It can be hard to tell the difference between patellar tracking disorder and some other knee problems. To find out what problem you have, your doctor will:
- Ask questions about your past health, your activities, when the pain started, and whether it was caused by an injury, overuse, or something else.
- Feel, move, and look at your knee as you sit, stand, and walk.
How is it treated?
Patellar tracking disorder can be a frustrating problem, but be patient. Most people feel better after a few months of treatment. As a rule, the longer you have had this problem, the longer it will take to get better.
Treatment of patellar tracking disorder has two goals: to reduce your pain and to strengthen the muscles around your kneecap to help it stay in place. If you don't have severe pain or other signs of a dislocated kneecap, you can try home treatment for a week or two to see if it will reduce your pain.
- Take a break from activities that cause knee pain, like squatting, kneeling, running, and jumping.
- Put ice on your knee, especially before and after activity. After 2 or 3 days, you can try heat to see if that helps.
- Take an over-the-counter pain reliever such as ibuprofen or naproxen to reduce pain and swelling. Read and follow all instructions on the label.
As your knee pain starts to decrease, do exercises to increase strength and flexibility in your leg and hip. Your doctor or a physical therapist can help you plan an exercise program that fits your condition. You will probably start with one or two exercises and add others over time. Make sure to closely follow the instructions you're given.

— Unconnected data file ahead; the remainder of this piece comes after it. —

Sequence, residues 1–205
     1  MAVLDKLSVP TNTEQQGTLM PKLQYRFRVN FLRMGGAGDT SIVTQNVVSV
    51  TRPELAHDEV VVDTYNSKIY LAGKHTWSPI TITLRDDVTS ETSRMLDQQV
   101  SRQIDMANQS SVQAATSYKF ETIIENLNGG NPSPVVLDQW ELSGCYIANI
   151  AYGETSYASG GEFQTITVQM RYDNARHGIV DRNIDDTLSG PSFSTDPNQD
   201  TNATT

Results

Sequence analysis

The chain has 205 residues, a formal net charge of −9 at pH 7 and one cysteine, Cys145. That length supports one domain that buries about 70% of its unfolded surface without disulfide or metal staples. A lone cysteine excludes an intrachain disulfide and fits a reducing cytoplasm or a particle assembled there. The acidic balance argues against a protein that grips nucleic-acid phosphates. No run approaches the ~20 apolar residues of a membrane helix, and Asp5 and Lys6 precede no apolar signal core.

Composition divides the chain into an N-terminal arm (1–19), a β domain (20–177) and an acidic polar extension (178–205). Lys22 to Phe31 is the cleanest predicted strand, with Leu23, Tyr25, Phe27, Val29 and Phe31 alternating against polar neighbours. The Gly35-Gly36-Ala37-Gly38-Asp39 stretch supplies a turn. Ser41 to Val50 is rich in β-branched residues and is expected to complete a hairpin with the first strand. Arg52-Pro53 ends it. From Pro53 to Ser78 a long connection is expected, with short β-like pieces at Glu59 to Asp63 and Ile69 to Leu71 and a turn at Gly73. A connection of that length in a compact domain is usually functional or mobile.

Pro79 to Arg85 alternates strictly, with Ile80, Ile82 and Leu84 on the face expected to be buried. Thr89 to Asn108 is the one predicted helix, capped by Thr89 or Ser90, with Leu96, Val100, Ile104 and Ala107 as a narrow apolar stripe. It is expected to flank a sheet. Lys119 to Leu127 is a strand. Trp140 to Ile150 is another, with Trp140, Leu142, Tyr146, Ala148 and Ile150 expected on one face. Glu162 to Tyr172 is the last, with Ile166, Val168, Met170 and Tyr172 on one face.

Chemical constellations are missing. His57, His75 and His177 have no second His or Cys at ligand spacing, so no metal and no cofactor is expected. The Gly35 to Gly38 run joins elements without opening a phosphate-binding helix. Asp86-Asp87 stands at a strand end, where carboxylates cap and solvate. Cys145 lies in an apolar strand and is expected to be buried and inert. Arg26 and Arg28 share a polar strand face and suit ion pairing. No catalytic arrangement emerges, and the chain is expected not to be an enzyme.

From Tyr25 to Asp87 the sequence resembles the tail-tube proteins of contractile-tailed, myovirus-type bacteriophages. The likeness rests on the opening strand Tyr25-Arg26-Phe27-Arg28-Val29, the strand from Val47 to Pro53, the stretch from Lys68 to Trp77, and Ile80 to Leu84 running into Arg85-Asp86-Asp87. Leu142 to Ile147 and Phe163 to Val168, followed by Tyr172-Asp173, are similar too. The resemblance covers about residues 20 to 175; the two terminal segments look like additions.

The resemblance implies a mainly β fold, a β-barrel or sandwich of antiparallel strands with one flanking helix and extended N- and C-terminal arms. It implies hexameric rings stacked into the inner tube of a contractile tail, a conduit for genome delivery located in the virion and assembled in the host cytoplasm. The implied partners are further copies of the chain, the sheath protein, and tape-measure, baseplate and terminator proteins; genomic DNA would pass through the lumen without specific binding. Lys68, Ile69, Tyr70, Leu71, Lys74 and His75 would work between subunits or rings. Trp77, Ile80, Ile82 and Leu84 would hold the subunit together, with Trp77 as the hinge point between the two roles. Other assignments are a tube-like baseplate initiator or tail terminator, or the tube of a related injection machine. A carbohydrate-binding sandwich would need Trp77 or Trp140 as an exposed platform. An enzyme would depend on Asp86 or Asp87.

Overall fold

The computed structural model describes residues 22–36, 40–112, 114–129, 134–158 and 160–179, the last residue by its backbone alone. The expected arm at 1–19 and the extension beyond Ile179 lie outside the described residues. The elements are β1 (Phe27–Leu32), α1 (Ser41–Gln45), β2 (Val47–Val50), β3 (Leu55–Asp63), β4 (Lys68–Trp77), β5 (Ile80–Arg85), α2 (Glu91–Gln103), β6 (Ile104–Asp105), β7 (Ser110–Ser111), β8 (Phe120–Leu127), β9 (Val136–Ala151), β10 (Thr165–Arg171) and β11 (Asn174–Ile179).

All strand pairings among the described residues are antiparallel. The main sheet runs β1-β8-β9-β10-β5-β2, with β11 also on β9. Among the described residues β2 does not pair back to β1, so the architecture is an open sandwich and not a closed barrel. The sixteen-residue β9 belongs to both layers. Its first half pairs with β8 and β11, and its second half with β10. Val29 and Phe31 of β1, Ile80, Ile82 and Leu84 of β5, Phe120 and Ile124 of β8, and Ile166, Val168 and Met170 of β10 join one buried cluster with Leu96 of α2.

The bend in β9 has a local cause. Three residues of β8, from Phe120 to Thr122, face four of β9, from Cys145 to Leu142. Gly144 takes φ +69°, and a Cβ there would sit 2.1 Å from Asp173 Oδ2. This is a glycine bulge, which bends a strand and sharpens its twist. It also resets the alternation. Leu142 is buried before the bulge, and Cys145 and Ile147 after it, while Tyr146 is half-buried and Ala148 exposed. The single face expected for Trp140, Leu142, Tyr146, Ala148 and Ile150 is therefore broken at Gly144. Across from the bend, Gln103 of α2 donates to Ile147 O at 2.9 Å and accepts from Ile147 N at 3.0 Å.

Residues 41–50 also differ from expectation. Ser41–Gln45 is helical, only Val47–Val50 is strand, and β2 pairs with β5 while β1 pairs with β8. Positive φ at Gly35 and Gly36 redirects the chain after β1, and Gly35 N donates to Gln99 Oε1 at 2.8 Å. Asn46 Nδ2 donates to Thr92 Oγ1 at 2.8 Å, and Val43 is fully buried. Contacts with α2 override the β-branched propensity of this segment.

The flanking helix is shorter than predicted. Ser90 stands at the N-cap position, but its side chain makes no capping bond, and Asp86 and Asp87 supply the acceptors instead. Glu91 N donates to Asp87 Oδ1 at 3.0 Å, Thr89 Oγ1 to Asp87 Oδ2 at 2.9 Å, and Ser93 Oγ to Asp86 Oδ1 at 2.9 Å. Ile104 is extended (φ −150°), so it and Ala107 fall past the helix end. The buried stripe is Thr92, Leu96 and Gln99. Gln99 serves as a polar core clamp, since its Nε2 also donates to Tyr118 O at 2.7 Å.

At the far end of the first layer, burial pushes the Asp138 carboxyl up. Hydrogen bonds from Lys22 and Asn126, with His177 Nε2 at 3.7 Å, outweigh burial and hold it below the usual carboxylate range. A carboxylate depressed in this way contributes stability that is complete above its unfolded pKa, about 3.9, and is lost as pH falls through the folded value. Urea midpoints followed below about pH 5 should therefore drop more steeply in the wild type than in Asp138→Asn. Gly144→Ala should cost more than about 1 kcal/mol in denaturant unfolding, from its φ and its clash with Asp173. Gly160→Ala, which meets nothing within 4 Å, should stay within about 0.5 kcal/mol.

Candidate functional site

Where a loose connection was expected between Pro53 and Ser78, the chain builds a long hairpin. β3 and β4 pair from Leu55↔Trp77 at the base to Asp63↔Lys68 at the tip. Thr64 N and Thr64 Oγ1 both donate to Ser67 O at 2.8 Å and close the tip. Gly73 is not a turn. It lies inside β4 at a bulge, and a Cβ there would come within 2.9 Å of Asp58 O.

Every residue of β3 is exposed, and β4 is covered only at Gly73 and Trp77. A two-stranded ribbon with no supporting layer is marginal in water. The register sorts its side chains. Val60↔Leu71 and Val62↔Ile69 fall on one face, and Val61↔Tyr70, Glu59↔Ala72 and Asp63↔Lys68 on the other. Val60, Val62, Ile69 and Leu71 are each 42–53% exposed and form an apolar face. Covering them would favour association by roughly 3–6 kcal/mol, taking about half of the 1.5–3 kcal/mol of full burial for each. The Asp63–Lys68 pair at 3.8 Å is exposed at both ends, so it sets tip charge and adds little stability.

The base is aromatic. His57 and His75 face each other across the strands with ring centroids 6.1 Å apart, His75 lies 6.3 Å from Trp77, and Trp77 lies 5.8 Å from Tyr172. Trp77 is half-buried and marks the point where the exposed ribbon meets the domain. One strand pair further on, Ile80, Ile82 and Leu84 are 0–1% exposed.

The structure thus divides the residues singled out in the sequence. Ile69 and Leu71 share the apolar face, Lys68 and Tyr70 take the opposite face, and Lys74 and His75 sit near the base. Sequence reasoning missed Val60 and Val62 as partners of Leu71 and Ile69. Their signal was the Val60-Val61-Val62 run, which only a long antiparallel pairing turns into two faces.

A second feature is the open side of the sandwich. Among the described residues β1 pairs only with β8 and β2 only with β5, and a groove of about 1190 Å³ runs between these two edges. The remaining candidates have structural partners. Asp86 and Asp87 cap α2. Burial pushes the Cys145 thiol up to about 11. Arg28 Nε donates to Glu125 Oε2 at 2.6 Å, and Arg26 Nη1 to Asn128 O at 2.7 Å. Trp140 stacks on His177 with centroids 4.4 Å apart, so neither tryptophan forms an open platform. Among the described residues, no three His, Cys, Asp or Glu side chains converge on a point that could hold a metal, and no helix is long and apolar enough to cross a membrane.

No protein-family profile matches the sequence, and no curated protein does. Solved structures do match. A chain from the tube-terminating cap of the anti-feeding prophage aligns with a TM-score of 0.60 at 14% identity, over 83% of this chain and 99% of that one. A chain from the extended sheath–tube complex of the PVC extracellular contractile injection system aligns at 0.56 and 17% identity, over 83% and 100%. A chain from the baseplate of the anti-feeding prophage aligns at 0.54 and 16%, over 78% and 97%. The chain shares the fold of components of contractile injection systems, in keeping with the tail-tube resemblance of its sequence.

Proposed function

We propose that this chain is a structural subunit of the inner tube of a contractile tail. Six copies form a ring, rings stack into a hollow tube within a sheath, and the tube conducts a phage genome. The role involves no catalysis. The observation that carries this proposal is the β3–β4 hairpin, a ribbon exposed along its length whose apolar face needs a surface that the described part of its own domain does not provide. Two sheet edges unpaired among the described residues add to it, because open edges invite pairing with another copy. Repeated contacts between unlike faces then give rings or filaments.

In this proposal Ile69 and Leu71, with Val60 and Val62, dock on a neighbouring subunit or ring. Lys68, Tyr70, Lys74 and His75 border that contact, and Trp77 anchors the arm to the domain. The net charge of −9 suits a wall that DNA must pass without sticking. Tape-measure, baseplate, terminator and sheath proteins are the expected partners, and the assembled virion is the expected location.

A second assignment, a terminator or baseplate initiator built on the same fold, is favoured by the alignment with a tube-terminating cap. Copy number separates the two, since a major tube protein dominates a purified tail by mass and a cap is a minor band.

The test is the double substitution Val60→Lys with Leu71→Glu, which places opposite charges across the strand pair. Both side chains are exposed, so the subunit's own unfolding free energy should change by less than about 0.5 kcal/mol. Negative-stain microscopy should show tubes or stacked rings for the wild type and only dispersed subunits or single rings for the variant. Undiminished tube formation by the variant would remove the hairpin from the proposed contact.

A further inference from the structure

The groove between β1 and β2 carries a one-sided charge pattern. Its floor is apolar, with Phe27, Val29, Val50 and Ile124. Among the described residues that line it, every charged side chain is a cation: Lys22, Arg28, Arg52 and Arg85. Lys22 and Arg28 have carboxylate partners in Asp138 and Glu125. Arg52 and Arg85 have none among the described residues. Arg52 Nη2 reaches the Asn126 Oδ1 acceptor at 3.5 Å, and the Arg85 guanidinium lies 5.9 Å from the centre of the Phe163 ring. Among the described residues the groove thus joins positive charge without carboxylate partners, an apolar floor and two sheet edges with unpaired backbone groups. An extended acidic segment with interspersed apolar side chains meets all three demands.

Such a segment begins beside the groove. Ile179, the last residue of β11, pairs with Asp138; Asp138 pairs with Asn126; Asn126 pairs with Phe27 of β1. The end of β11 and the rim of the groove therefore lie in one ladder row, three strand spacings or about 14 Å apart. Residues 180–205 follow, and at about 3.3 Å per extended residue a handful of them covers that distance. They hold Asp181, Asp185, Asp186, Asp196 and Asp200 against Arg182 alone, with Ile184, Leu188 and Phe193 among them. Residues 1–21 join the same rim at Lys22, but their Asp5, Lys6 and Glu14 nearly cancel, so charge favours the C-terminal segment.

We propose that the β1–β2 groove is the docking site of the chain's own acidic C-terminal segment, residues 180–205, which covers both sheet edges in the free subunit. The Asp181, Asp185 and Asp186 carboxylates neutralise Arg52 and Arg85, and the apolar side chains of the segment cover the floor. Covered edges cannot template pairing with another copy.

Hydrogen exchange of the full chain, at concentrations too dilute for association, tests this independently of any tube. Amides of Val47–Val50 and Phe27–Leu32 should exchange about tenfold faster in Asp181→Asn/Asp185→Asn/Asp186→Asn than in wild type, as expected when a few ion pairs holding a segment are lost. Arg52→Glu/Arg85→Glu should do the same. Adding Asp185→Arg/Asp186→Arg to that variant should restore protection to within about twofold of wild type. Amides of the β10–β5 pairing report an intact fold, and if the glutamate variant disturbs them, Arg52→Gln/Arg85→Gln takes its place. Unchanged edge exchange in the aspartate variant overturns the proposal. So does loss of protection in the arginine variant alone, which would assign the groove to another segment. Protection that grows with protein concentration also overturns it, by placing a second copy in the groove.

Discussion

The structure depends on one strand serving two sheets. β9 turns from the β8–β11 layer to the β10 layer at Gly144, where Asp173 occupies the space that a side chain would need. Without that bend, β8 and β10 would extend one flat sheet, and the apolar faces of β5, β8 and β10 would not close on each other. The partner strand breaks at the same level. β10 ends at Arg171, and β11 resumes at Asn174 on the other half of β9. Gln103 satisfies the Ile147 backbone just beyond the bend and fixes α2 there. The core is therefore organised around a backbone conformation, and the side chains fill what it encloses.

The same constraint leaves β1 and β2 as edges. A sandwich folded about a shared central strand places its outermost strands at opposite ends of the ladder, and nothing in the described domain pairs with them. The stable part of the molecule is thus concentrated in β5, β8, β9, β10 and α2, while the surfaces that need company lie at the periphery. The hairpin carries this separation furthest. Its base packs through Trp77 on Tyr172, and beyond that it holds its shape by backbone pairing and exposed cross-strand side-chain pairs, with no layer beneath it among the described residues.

Your doctor or physical therapist may also suggest that you:
- Tape your knee to hold the kneecap in place.
- Use a knee brace for extra knee support.
- Try shoe inserts (orthotics) to improve the position of your feet.
Most people with patellar tracking disorder can slowly return to their previous activity level if they:
- Avoid movements that make symptoms worse.
- Keep doing their stretches and strength exercises.
- Learn the best way to do their sport and use the right shoes or equipment.
- Lose excess weight.
Surgery usually isn't needed for patellar tracking disorder. You may need surgery if your kneecap dislocates after other treatments haven't worked. There are several types of surgery that can correct a tracking problem. You and your doctor can decide which surgery is best for you.